I’d planned to write about teachers and minimalism a couple of weeks ago. As luck would have it, a few things got in the way. Perhaps for the best, I now find myself writing on Black Friday. A day when consumerism rules, for many people, anyway.
In case you hadn’t noticed, minimalism is big right now. You may know the Marie Kondo book, The Life-Changing Magic of Tidying. If you haven’t read it, it’s not just about tidying up or decluttering but about the positive changes that you’ll experience in your life once you’re no longer encumbered by all those physical possessions.
A nice idea, but teachers are already focused on higher things, right?
Well, yes and no. As teachers, we’ve chosen a profession based around helping others and combatting inequality. In many cases, we’ve left jobs in higher paid professions because we want to make this difference.
Depending on where we live, our salaries may or may not be higher than those of our neighbours.
But minimalism is not just about committing ourselves to giving up most of our possessions, living in tiny houses or owning fewer than one hundred items. It’s a philosophy that encourages us to reflect on how to live our lives better.
Minimalism is about rejecting the urge to consume without reflecting on why.
Minimalism is about prioritising time, and recognising it as a finite commodity.
Minimalism is about enjoying experiences rather than purchases.
I used to believe that I did of all these things. I was already pretty good at knowing what is important in life and you probably are too.
But taking some time to look at your life and values is something we should do regularly. Try asking yourself the following:
Do I waste money buying things that I rarely use and that clutter up my home?
Do I waste time on social media? Does that take me aware from my work and my loved ones?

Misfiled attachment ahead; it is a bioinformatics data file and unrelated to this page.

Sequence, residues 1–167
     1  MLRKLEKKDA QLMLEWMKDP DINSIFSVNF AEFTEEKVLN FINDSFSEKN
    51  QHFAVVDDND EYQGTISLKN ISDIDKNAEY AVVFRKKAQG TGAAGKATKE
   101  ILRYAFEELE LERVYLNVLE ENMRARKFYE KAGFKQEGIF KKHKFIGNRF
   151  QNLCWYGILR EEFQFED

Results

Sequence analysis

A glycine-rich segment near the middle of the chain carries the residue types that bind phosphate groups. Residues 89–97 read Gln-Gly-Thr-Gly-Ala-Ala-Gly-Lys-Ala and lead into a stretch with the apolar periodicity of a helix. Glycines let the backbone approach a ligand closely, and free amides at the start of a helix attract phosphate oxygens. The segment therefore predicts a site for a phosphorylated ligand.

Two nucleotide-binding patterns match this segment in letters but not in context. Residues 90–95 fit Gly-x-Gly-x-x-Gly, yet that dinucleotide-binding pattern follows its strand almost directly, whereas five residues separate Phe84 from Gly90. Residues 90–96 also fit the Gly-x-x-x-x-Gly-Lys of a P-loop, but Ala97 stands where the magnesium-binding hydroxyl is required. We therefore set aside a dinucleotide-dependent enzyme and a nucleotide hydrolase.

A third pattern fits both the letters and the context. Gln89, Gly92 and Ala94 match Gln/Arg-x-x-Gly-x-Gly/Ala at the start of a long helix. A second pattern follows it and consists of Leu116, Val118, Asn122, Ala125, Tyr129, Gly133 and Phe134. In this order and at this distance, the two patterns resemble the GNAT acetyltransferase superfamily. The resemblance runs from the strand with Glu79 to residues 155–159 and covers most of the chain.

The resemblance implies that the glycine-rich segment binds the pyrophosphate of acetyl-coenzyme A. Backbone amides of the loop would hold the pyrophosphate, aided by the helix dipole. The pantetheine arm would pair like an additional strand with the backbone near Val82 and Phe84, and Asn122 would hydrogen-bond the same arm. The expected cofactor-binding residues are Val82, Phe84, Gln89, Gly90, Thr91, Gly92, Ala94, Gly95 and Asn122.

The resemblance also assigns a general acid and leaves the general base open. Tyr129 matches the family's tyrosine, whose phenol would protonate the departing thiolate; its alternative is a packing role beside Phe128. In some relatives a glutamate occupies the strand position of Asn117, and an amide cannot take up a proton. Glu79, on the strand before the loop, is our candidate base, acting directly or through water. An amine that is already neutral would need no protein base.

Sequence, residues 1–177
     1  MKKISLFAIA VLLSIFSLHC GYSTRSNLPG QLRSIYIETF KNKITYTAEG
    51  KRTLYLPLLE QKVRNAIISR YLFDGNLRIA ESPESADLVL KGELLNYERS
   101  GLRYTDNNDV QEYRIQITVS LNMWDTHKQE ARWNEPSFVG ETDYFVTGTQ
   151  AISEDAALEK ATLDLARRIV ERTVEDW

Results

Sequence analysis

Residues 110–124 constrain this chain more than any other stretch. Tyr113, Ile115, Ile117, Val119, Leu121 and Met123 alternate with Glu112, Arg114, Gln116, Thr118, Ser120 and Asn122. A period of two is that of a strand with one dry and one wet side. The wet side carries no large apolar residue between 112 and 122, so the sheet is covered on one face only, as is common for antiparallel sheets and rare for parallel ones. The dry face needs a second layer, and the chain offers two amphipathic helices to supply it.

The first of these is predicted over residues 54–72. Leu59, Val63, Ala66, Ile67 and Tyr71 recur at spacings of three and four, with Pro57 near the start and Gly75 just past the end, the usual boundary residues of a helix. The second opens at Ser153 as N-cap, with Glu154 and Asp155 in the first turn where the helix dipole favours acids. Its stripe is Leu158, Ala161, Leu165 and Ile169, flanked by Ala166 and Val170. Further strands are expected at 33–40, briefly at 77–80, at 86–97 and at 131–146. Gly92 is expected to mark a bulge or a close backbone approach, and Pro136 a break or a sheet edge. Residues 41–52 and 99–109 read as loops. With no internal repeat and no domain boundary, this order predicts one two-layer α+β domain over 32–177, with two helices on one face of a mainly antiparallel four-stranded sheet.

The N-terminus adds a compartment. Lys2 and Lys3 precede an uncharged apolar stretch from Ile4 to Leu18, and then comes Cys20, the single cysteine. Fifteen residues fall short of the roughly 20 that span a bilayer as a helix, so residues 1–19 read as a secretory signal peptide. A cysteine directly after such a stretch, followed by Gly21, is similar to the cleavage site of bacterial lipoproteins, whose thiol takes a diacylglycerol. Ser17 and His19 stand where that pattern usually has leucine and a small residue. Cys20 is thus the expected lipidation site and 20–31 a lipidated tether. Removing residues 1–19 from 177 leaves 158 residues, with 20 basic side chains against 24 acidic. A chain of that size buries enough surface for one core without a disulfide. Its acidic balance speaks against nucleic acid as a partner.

Do I waste time looking for things at home and at work because they get lost amongst things that I don’t really need to hang on to?
Have I forgotten the pleasure of simple activities such as reading, playing with my children or chatting with colleagues?
Do I tell myself that I’ll be happier once I’ve received a pay rise, reached the end of term or even retired?
Minimalism isn’t just about owning less stuff, although that clearly is part of it. It’s about reassessing what’s important and giving ourselves the time and energy to enjoy those things.
As teachers, we’re often guilty of deciding that we’ve already made the right decision and don’t need to assess our lives again.
But reflect and reassess regularly. Once we do this, we can continue to make small everyday improvements that build greater happiness and value in our lives. Isn’t that what we all want?
Easy Ideas for Everyday Minimalism
Each weekend, spend time tidying and decluttering a room in your house. When I pass something on that I no longer need it feels good – just like when I cross something off a to-do list.
When you or a family member want to buy something, wait a day or two. If you decide you don’t really need it, don’t buy it.
Have a specific place for everything, particularly things you need each day like car keys. It’ll save you time when you’re not searching for them each morning.
Always make a shopping list to avoid impulse buys. Go food shopping on a full stomach for the same reason.
Remember that you can always make more money, but you can never get back wasted time – so value it.
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